The analysis of the partial SI for RNA polymerase, obtained by erasing rows 5 to 8 in Table 2, give only non essential structures (data not shown), because the recursiveness of all the structures is not present in that partial SI. This is also reflected in Fig 4, where no closed walks are found. Thus, there is a correspondence between the negation of ER1 and the results obtained with graph theory; when an element is non recursive, there is not a closed walk for that component.

Fig 5 presents the network for the SI for streptomycin (‘STR’; see ‘S1 Text’).

Fig 5. Plot of synthesis SI for streptomycin annotated by type of element.

Biological network representation for the synthesis of streptomycin colored by type of element. For the ‘STR’ SI and meaning of the abbreviated component names see ‘S1 Text’.

From Fig 5 we can see that there are not closed walks for any of the elements shown, corroborating the result using the C2E algorithm that none of the internal elements whose synthesis is described in the corresponding SI has a recursive formula and, in consequence, non of them is essential for cell survival (see ‘S1 Text’ for details).

Synthesis interactomes (SIs) can be constructed in a progressive manner, by adding rows describing the synthesis of elements which at a previous stage were classified as ‘external’. For example, in the SIs for RNA polymerase (Table 2) and streptomycin (in ‘S1 Text’), the ribosome (rib) is considered as an external structure. Nevertheless, by adding rows describing the synthesis of the ribosome from their genes of origin (including the genes for ribosomal RNAs as well as all peptides involved in this structure) we obtain a more ‘integrated’ SI where the synthesis of the ribosome is included. Also, by combining various SIs, without breaking the rules given at the foot notes in Table 1, we can include more elements and ‘details’ about the synthesis of internal elements carried out in the cell. In ‘S1 Text’ and ‘S3 Text’ we present and analyze an integrated SI, which includes the synthesis of RNA polymerase, streptomycin and the ribosome. This procedure can be continued as desired to include more and more elements, until eventually it will include the synthesis of all elements from a given cell species. As an illustration, Fig 6 shows the ‘integrated’ SI including the synthesis of RNA polymerase, streptomycin and the ribosome.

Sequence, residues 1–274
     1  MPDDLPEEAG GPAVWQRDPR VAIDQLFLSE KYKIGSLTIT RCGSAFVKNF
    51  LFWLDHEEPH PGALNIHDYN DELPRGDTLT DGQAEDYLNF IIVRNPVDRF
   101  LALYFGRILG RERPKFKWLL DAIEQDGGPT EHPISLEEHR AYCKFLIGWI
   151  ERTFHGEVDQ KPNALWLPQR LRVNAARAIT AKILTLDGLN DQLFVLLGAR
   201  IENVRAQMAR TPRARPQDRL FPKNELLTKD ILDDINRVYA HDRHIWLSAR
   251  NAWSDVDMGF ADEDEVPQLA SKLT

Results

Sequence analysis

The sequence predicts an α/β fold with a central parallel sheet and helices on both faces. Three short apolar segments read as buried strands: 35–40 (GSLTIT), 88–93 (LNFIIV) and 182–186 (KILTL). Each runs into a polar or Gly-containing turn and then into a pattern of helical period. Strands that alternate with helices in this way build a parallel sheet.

Fig 6. Plot of synthesis SI for the ‘integrated interactome’ annotated by type of element and superstructure.